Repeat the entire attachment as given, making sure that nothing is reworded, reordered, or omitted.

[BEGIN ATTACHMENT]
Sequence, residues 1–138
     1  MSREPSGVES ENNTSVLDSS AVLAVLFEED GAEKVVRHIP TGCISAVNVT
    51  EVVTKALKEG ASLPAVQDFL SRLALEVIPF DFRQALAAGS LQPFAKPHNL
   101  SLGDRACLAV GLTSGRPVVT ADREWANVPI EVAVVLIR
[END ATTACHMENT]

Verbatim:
Sequence, residues 1–138
     1  MSREPSGVES ENNTSVLDSS AVLAVLFEED GAEKVVRHIP TGCISAVNVT
    51  EVVTKALKEG ASLPAVQDFL SRLALEVIPF DFRQALAAGS LQPFAKPHNL
   101  SLGDRACLAV GLTSGRPVVT ADREWANVPI EVAVVLIR